Obama Says No To National Foreclosure Freeze

Despite the growing chorus of Democratic lawmakers calling for a nationwide moratorium on foreclosures, the Obama administration is opposed to a freeze.

US President Barack Obama
Saul Loeb | AFP | Getty Images
US President Barack Obama

David Axelrod, Obama's top adviser, went on CBS’s “Face the Nation” program on Sunday and announced the administration's positions. Basically following the same line as the Wall Street Journal editorial page — that the foreclosure crisis is just some meaningless paperwork screw-up — Axelrod emphasized the need to provide certainty to the housing market and to get the foreclosure mills up and running again "very, very quickly."

Yves Smith at Naked Capitalism provides the exchange.

Bob Schieffer: I guess the first question I would have is does the administration favor some kind of national moratorium on these foreclosures to get this all sorted out?

David Axelrod: First of all, Bob, it is a serious problem. It’s thrown a lot of uncertainty into the housing market that as you know is already fragile. It’s bad for the housing market and it’s bad for these institutions, which is why they’re scrambling now to go back through their documentation for all of this as they should. The president was concerned enough to veto a bill that came to him last Thursday that would have unintentionally made it perhaps easier to make mistakes. So we are concerned. We’re working with these institutions. I’m not sure about a national moratorium because there are, in fact, valid foreclosures that probably should go forward and where the documentation and paperwork is proper. But we are working closely with these institutions to make sure that they expedite the process of going back and reconstructing these and throwing out those that don’t work.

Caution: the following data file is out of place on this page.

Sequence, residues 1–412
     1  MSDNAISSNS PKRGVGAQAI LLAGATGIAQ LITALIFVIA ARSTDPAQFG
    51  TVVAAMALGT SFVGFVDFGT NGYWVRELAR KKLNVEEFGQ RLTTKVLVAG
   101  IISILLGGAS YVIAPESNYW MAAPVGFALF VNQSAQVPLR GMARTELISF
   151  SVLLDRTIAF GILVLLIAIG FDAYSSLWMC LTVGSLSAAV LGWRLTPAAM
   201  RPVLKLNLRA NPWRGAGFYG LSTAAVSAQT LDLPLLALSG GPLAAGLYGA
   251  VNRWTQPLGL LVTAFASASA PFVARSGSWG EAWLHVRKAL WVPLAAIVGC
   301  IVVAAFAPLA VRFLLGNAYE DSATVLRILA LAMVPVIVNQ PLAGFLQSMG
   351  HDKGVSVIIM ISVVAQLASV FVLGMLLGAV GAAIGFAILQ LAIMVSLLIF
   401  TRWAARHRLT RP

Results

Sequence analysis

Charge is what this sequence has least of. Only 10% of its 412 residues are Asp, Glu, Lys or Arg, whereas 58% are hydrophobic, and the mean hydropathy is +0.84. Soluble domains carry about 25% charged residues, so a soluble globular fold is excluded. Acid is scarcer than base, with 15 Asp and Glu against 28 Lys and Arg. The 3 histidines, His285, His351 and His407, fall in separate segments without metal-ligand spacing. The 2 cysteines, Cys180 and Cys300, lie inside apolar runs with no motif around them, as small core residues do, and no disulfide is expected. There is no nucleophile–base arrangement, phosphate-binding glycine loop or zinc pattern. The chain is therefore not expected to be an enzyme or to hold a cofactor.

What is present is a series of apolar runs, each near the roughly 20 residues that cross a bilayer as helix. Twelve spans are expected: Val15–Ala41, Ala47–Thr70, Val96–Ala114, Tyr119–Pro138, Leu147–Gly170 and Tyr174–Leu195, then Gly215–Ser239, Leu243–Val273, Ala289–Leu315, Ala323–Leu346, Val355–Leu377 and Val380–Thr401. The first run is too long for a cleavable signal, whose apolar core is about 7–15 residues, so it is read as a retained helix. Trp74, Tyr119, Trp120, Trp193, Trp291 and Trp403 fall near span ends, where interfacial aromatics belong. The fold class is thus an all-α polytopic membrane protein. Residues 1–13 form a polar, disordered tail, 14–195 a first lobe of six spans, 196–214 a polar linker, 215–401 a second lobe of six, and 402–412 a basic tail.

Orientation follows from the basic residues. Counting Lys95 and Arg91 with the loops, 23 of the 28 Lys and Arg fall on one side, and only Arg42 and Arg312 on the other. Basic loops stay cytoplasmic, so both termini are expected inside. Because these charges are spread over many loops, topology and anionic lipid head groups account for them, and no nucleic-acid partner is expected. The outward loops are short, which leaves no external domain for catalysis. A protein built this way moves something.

Bob Schieffer: I mean, I guess people are worried about what do you think the impact this is going to have on an economy that’s pretty shaky right now?

David Axelrod: Look, our hope is is that this moves rapidly and that this gets unwound very, very quickly, and that if they can go back, reconstruct their paperwork, and what we’ve stressed to them is that they need to expedite that process and work very, very quickly to get it done. We’re going to continue to push for that.

Smith finds this "astonishing."

Axelrod repeatedly stresses the need to get “this” resolved quickly. Notice the refusal to use accurate and honest language: at best, these are improprieties, but the more accurate word is fraud.

The emphasis is NOT on doing things correctly, but on the need for haste. Yes, there is what amounts to an aside on the need to have “proper” paperwork, but that is more an assertion that some foreclosures aren’t afflicted by doubts over the securitization trust that supposedly owns the note, the borrower IOU, actually having taken the steps to prefect its rights.

And this is simply a variant of the spin the banks have tried since the affidavit mess surfaced: that this is a mere “paperwork” problem.

Well put.

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